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Tina Turner

  b. 1939 | American singer

At The Bottom
 1976

She had less than a dollar in her pocket; to make matters worse, she owed hundreds of thousands of dollars...

Ike and Tina Turner were among the most important rhythm and blues performers during the 1960s and 1970s, but their success (and marriage) had always been hindered by Ike Turner’s violent temper, drug use, and refusal to allow anyone to help manage or guide their careers.  Ike’s erratic and domineering temper drove away one musician after another.  After producing a long list of hits — including a famous cover of “Proud Mary” by Credence Clearwater Revival — the couple faded from view after 1973.    Ike’s abusive behavior toward his wife grew worse, and Tina finally left him in July 1976.  She had less than a dollar in her pocket; to make matters worse, she owed hundreds of thousands of dollars to tour promoters as well as the IRS.

At The Top
 1991

As a solo artist, Tina Turner has sold more than 200 million records worldwide and is listed in the Guinness Book of World Records.

Fifteen years after leaving her husband (and quite possibly her career) in the rearview mirror, Tina Turner was inducted into the Rock & Roll Hall of fame.  After her breakup with Ike, Turner released several solo albums that sold poorly.  She remained popular in Europe, however, and continued performing to large audiences there while trying to reconnect with the American market.  At last, in 1984, Tina Turner released Private Dancer, an album that would go on to sell well over ten million copies worldwide while spawning several top ten hits.  Her success grew even further in the coming years, as her music earned one award after another while her live performances broke attendance and sales records across the globe.  As a solo artist, Tina Turner has sold more than 200 million records worldwide and is listed in the Guinness Book of World Records for selling more concert tickets than any other individual performer.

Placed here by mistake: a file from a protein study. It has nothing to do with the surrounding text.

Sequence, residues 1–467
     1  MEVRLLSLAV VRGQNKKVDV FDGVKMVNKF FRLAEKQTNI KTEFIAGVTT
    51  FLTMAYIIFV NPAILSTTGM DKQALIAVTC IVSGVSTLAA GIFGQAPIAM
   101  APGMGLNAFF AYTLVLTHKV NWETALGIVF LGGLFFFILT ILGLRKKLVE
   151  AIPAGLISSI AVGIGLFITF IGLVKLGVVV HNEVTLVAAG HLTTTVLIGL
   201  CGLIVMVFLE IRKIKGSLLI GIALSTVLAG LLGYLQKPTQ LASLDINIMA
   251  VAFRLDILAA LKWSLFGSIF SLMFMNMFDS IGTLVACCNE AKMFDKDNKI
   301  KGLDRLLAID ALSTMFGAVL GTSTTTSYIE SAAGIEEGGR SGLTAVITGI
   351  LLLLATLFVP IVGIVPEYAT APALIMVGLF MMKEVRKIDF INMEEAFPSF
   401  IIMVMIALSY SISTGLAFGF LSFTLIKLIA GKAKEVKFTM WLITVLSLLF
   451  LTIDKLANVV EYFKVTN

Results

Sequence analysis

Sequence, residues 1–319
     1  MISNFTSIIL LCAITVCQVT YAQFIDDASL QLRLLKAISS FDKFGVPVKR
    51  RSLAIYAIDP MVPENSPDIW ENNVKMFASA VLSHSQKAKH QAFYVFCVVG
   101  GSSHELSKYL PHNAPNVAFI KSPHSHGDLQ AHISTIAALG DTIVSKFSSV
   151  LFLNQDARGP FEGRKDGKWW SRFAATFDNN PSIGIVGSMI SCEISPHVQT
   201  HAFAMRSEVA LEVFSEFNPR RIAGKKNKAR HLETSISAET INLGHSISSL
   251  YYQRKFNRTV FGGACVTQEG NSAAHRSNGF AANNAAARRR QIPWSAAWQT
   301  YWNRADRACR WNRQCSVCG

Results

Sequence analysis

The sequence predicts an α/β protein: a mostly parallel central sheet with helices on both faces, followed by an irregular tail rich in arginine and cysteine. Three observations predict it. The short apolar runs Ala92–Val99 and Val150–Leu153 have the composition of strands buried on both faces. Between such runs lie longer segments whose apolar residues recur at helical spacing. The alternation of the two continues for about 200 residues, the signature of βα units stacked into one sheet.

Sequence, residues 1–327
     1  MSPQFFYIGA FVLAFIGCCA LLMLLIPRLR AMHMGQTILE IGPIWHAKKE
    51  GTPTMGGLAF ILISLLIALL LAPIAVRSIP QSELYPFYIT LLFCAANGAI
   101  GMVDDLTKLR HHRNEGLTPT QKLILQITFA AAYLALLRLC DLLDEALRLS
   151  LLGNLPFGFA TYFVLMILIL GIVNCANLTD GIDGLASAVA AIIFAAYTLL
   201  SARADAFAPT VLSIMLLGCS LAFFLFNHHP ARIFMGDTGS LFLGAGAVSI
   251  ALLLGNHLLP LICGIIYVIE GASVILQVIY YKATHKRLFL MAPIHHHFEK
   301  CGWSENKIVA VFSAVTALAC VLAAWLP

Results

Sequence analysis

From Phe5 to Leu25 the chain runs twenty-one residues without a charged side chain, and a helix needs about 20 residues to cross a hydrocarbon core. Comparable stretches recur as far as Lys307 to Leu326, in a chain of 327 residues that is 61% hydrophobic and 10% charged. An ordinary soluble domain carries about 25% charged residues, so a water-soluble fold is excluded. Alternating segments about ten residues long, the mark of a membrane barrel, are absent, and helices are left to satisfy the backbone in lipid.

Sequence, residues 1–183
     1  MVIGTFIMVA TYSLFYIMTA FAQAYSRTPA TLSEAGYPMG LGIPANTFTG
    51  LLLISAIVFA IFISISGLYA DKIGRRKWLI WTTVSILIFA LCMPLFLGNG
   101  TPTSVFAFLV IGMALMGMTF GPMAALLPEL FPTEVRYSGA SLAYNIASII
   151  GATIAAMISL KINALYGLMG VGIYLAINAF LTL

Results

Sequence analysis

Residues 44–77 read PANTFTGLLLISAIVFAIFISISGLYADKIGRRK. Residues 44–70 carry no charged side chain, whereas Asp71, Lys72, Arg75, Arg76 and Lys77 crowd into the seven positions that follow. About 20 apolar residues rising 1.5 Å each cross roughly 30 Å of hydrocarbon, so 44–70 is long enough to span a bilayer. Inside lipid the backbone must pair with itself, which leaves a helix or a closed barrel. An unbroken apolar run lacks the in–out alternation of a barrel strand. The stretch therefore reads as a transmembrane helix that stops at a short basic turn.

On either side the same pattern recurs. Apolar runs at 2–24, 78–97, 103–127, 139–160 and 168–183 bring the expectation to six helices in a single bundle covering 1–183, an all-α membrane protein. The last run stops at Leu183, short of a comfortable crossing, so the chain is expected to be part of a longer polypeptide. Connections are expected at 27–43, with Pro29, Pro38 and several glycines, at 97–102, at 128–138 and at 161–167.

The Comeback

Turner frequently credited her religious faith with giving her the strength to leave everything behind.

Tina Turner lived in fear of her husband, yet she also believed — mistakenly, it turns out — that she could not survive as a performer without him.  After she returned to the top, Turner frequently credited her religious faith with giving her the strength to leave everything behind.  In the two years before her marriage ended, Turner had become a Buddhist; when she left Ike, her religion was “the only tool I had.”  Though she didn’t have a place to live and spent her time hopping between friends’ houses, she felt liberated by her decision to leave her marriage.  She was determined, moreover, to make a career for herself and to stand on her own two feet.  Just before her career took off again in 1984, Turner cleared off a wall in her home where her old gold and silver records and other awards stood.  Turner looked at the empty wall and thought, “Alright, I am going to see what I am going to do.” Within two years, the wall was filled again.

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